But still, you’ll miss the point – without the hobby games stores, fewer publishers would have an outlet for their games, meaning fewer games published, meaning Amazon, Walmart, and Target determine is worthy of being played, not you. But you just keep on Min-Maxing, the hobby will be fine without you.

    • Meanwhile, I’m over here wishing that more publishers would have an option to sell direct with a higher margin going to the game designer. This industry rakes game designers over the coals unless you’re one of the few elite ones. Game designers getting $1 of a retail priced $40 game is bonkers.

  • I can’t agree with anything in this piece. FLGS’s are the centers of the gaming community, especially ones that allow open gaming. Through my FLGS I’ve met many fellow hobbyists for pick-up games of Warhammer and it has provided a space to facilitate gaming and hobbying, without it, it would be me and a couple close friends playing at our respective homes, which is great, but it would deny me a richness of experience that the broader hobby community has to offer that can be best facilitated by meeting at our FLGS.
    COVID has only increased my support of my local FLGS, during the opening stages during the first uncertain lockdown, I bought a large gift certificate to help ensure that that uncertain March would be a little more stable for the owners, whom I’ve been a customer with since I was a child. All with the aim that when in person gaming was able to be safely conducted, there would be a place to do so.
    And I’d like to ask you something, in your piece you write:
    “But as I got older, I often wondered: how do these places make money? They certainly don’t make money on me when I drop in with my own games and play with friends at their tables; they don’t (usually) sell concessions, and many of them don’t have a walk-in fee. Even if they do charge a walk-in fee (at $5 or maybe $10 per visit), that’s still only a few hundred dollars once a week at most places I’ve visited for open gaming.”
    Were you buying board games online and then dropping in to your FLGS for open gaming?
    I live by one FLGS rule: “Pay where you play.” I’ve visited a lot of Games Workshops through my travels, but I’ve only ever bought product from them that I couldn’t by at my FLGS, because Games Workshop is getting my money, but so will my local community, and I can’t imagine Amazon needs anymore money. Difference is that I can’t play at those out of town GW’s or at an Amazon warehouse, but I can at my FLGS.

    Sometimes if you want to build a more vibrant hobby community, it takes a little investment.

  • Dear Justin
    Thank you for your words. Unfortunately I disagree with you. I think you are right in one point, I see the concept of the store that sells is going away over time but I think that solutions that have both gaming and sell games like a board game café can be a solution.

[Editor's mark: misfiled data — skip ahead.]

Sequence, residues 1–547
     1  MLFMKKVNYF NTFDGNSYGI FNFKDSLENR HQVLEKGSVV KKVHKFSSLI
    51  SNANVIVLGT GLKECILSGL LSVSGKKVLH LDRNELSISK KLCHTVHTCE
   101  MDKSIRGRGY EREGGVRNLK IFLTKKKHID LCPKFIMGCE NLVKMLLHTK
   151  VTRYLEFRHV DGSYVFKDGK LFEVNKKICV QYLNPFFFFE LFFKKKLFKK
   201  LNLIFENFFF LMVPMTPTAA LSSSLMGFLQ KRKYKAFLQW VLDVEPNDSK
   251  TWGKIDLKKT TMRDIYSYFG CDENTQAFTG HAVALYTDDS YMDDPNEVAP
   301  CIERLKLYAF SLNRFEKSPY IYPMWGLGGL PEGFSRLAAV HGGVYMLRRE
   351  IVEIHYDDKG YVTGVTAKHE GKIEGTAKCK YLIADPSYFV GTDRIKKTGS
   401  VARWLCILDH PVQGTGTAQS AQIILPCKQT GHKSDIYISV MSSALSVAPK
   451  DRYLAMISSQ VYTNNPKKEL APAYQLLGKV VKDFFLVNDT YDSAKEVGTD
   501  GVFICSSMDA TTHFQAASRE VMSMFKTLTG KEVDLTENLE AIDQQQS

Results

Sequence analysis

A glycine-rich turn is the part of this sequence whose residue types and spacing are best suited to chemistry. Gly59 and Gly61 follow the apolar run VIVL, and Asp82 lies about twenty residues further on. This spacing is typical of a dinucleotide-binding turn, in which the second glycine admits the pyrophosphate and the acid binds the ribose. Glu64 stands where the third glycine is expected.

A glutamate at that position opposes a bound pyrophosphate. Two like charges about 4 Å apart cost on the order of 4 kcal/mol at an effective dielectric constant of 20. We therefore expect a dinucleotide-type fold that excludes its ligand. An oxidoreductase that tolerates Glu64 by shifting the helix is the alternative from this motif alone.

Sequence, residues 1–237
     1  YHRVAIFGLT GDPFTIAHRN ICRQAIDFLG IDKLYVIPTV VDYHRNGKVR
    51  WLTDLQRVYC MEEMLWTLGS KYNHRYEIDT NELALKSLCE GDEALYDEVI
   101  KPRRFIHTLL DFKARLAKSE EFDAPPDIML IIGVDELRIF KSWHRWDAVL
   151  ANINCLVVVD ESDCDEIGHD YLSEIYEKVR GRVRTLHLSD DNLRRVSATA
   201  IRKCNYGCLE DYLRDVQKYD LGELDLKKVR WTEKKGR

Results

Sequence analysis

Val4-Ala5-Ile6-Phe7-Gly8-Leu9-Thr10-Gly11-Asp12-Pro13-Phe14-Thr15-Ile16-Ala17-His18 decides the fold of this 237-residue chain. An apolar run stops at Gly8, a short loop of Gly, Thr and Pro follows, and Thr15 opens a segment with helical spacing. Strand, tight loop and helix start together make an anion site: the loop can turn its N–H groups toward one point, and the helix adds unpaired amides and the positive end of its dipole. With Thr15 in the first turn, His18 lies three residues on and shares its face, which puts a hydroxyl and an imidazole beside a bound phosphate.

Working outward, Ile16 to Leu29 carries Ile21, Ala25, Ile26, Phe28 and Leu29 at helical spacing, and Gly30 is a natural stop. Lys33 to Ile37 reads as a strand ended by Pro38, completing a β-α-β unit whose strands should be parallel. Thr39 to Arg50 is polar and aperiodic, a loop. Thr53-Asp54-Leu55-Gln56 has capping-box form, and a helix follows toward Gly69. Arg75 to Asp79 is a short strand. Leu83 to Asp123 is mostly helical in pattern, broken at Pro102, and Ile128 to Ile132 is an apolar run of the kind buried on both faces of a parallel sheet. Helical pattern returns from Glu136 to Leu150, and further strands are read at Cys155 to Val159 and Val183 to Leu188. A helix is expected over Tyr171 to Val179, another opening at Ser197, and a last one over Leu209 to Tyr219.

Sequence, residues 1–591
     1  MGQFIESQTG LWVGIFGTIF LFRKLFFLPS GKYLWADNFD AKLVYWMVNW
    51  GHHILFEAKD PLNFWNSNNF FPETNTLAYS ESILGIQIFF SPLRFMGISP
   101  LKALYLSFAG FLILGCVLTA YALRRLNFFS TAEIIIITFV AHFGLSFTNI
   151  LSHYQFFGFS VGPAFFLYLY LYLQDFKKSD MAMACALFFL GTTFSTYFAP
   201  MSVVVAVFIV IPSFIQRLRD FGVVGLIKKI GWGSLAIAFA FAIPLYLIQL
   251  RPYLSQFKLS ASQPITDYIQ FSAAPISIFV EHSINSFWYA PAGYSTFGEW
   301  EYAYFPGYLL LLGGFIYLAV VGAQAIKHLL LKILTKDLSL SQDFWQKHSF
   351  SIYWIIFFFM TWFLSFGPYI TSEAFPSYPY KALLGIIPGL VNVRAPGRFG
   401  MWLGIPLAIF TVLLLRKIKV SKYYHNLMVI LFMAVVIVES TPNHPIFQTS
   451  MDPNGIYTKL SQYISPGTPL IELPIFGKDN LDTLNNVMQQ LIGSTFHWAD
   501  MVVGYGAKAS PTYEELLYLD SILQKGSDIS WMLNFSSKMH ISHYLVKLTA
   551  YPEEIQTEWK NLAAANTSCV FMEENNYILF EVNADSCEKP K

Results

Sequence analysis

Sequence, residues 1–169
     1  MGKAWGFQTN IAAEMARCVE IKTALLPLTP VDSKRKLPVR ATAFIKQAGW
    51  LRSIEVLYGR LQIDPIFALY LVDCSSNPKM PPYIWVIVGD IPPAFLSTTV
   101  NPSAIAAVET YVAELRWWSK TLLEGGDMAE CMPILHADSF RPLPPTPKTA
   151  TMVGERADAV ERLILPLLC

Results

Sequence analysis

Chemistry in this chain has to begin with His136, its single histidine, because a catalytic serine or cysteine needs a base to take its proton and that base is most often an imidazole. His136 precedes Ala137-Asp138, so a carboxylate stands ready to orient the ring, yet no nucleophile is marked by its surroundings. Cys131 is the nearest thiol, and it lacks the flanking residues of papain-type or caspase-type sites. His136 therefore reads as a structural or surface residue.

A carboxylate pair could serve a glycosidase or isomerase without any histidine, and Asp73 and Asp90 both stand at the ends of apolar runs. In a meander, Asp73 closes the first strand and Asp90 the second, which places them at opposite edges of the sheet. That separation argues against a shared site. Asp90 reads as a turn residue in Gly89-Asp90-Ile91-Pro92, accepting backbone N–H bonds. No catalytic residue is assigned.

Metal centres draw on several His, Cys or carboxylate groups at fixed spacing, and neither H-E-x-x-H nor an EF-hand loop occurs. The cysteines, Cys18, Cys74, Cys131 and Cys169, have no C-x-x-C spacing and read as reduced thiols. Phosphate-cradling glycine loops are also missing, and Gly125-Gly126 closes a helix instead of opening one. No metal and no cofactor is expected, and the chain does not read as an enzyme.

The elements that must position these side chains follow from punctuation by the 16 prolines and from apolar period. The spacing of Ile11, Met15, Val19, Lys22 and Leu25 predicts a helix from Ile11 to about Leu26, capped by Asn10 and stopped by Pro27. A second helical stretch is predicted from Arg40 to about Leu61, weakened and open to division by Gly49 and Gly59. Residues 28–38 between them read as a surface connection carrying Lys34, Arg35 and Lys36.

Yes online retailers are cheaper than brick and mortar stores of course they are. They don’t need to have a store location, located in a prime spot where lots of people walk bye, they also don’t need educated and trained staff that can recommend games to new clients and people who are not in the hobby. I also buy games online mostly on Kickstarter now and still support a few FLGS and I think they are vital for this hobby to flourish as it did in the last few years. People who know exactly what they are looking for and know where to get informed about games because they already are deep in the hobby they probably don’t need FLGS to buy games although I value the opinion of some shop owners quite a lot. But people who are new in the hobby and might not know the online channels to get informed about games or are discouraged by the sheer amount of information or the looks of BGG (although it got slightly better over the years) they need FLGS to help them get into the hobby and if we do not get more and more new people the industry could see a down turn or mostly like Jon said smaller companies don’t get a chance to get shelf space because the giant retailers buy just the same game monopoly, scrabble and jenga or maybe a Catan if lucky. So yes FLGS are more expensive but they offer so much more than just the game and that is why it makes sense to buy there. Believe me we all will lose out if they are not here anymore. I hope you can look at this from another point of view than just the cost angle because cheaper is not always better!

    And yeah probably a lot of shops that do not adapt to new things like also have an online shop, offer space to play games (and definitely charge for it, especially for people who do not buy games there!!) and maybe even have a small caffe area and offer not just the sales experience but something completely different ab oasis to let regular life behind and yes buying games at the same time.

  • I’m stunned at this entire post. Literally, my jaw fell open by the third paragraph. I started writing a really reactionary post, but I took a few deep breaths and I’m starting over. Please allow me to share my perspective. I’ve gamed my whole life. I started working at an FLGS in 2014. I moved on to working with publishers directly in 2016 on the distributor end of things. I’m working on publishing my first game now.

    Having worked at all levels of this business I can tell you that if everyone took your advice, if everyone bought their games at Game Nerdz, or whatever bargain basement online seller is selling at $1 over wholesale this week, this industry would collapse in on itself like a black hole. That’s because, whether you realize it or not, the selling and buying practices you’re promoting are parasitic in nature. They circumvent an entire section of the gaming eco system in order to cut those prices.